Rutland Free Library’s movie-streaming service, Kanopy, is celebrating noir fiction this month, so I thought I would add a few books to the list. Noir is briefly described as detective fiction that features flawed leading characters – there’s a large crossover with “hard-boiled” fiction, but it’s the anti-hero that really defines this subgenre.

So here’s a selection of traditional and more modern titles from the genre. Warning to the fainthearted reader: In more recent decades, noir has gotten ever more violent, so the newer books are likely to include graphic scenes of violence, often torture, and sex.

The Big Sleep

By Raymond Chandler

Anything by Chandler is worth a read. This is one of his best-known novels, and was made into two fine film versions, with Humphrey Bogart and Robert Mitchum as Philip Marlowe. It was a cannibalization of a couple of short stories Chandler wrote for pulp magazines, so don’t read it too closely for loose ends. (Famously, the screenwriters on the first movie asked Chandler who killed the chauffeur. He didn’t know.). But just settle in with a snack, a drink, and let the story carry you along.

The Maltese Falcon

By Dashiell Hammett

Like Chandler, he left a great shelf of reading behind. And like Chandler, movies helped popularize his fiction. A vivid cast of characters and the clever dialogue set Hammett apart. I find Hammett a good bridge between “cozy” mysteries – light on gore, heavy on relationships – and grimier noir / hardboiled fiction.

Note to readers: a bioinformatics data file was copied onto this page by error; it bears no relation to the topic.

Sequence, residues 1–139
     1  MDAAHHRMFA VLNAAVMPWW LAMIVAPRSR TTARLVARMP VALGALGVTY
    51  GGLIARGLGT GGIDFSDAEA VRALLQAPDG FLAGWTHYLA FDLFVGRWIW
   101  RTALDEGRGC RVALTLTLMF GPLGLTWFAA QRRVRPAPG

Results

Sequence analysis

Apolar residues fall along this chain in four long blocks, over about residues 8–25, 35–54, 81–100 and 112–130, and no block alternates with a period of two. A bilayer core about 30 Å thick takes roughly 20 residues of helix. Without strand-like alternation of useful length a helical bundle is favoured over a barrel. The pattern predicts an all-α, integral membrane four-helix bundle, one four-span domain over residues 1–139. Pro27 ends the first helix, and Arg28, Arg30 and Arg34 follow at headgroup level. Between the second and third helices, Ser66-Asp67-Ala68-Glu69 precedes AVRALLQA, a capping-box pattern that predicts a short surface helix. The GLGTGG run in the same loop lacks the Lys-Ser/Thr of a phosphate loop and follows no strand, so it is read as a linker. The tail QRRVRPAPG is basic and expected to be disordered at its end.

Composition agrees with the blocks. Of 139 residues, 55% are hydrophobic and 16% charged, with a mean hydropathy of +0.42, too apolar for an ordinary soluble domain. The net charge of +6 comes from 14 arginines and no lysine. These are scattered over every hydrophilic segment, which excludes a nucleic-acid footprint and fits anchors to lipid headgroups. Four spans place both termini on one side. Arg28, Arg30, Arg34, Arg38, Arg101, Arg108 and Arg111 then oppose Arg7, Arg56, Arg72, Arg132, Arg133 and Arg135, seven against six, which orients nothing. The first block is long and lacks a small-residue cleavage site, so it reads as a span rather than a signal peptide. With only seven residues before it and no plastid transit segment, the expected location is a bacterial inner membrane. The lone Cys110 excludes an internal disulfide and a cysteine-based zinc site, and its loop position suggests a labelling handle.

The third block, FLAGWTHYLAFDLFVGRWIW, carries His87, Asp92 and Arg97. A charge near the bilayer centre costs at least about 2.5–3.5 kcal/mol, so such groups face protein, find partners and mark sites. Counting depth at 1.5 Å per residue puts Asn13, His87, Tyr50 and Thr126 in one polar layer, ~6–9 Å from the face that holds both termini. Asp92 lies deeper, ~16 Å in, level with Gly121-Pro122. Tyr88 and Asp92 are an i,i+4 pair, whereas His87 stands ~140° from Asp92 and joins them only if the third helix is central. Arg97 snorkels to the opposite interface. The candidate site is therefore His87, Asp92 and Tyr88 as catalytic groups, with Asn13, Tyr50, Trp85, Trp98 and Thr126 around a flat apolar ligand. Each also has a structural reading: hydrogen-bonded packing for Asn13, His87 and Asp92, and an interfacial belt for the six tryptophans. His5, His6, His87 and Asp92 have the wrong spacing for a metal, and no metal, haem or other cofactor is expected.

The Postman Always Rings Twice

By James M. Cain

Cain is on the tougher end of the scale. This, his first book was subjected to an obscenity trial (OK, it was in Boston in the 1930s, so hardly the same standard as today). This is the story of a drifter working at a desert diner owned by an older immigrant. The drifter and the owner’s beautiful young wife fall into a hot, sometimes brutal romance, and start planning her husband’s death. Fantastic plot twists ensue. Double Indemnity is another Cain classic, and a terrific film. We have this in a terrific collection of American noir novels that also includes They Shoot Horses, Don’t They.

The Bat

By Jo Nesbo

Nesbo, a prolific member of what is sometimes called “Nordic Noir,” has created an engrossing hero in Harry Hole (pronounced Holy). He’s a recovering alcoholic, a Norwegian detective on assignment in Australia after a B-list star from his home country turns up dead there. The book is part Down Under sociology, part travelogue, and part detective series as Hole tries to overcome his past, solve the murder, and steer clear of some seriously self-destructive behavior.

Altered Carbon

By Richard K. Morgan

My favorite genres are cyberpunk and noir, so this is perfect for me. The main character, Takeshi Kovacs, is a reusable consciousness, downloaded into a new body in the 25th century. I love the characters in this tale of sordid double-crosses, up to and including the AI brain of the Hendrix Hotel. The Netflix series, which I haven’t seen, is getting pretty good reviews as well.

Randal Smathers is director of Rutland Free Library, where all these titles can be found.

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